It can also take up to 15 minutes for the tranquillisers to work, so animals must be tracked and found after being sedated — which means such operations normally can’t be done at night, a challenge when dealing with nocturnal animals such as tigers. Khan was summoned once again, but before he could find her, the tigress was electrocuted by an electric fence — the kind now increasingly set up by farmers to protect their crops from wild boars.
Though Khan had felt she was “not a fit case for release” — given her history of killing humans — her death still hurt. “I was sentimentally attached to this tiger,” he said. “She was a beautiful young tigress. I had captured her. I had treated her. I had her head on my lap.”
Considering India’s overall wildlife scenario, Khan is gloomy, seeing more trouble ahead. India’s forests are overrun by two noxious inedible weeds, parthenium, and lantana, which choke out the grass that sustains spotted deer and other herbivores — the natural prey of tigers and other big cats. This in turn pushes big cats out of the forest into rural communities, where they face irate and frightened humans.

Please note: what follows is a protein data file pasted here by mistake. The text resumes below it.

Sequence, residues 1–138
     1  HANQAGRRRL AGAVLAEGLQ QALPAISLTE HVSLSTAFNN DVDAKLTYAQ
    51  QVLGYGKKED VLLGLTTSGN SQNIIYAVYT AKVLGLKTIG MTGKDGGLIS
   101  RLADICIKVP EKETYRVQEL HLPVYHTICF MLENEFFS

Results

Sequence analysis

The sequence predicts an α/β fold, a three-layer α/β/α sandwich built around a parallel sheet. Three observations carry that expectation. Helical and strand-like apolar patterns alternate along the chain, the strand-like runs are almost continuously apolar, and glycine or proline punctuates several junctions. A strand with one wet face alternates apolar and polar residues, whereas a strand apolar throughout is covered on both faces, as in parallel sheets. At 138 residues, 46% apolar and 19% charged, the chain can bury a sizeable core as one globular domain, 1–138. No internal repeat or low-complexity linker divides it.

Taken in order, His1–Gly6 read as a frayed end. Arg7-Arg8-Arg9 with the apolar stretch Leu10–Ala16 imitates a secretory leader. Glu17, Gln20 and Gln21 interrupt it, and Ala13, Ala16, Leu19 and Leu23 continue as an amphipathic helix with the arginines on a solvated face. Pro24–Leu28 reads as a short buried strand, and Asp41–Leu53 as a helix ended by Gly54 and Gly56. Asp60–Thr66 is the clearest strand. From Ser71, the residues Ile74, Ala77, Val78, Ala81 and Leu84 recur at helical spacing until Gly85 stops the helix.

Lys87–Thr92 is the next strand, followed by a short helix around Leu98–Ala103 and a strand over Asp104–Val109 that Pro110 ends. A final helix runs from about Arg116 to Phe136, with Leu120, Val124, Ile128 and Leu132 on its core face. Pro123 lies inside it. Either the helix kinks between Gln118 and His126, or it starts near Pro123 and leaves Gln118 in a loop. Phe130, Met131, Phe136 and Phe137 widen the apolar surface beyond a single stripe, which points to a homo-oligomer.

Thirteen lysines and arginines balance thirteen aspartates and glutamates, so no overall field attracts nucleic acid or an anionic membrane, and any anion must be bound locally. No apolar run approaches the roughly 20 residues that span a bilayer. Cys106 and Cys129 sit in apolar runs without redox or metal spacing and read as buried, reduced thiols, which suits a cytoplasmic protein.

This year, eight tigers have been killed in Maharashtra — some deliberately poisoned and others unintentionally electrocuted by farmers’ fences. In November 2016, a leopard that strayed into a Haryana village was beaten to death by locals. Such incidents are just the “tip of the iceberg”, with many wild animal killings hushed up by the communities involved. “Today, wildlife management has gone out of hand,” says Khan. “People are killing them. The have suffered enough and they are not waiting for the government — they take law into their hands.”
As the phone rings with another urgent call from Vizag, Khan is scathing about Indian bureaucrats who he says know little of the forest and lack a holistic perspective on conservation, yet frame wildlife policies. He looks back nostalgically to the era of royal hunting grounds and shikar, when courtly elites guarded forests for their own pleasure — keeping people safe in the bargain. “In those days people who knew the forest had a say in wildlife management,” he says. “Today, unfortunately, people sitting in air-conditioned chambers, totally bereft of grass-roots realities, are framing policies. That has resulted in the entire forest management and the land animal ratio going haywire.”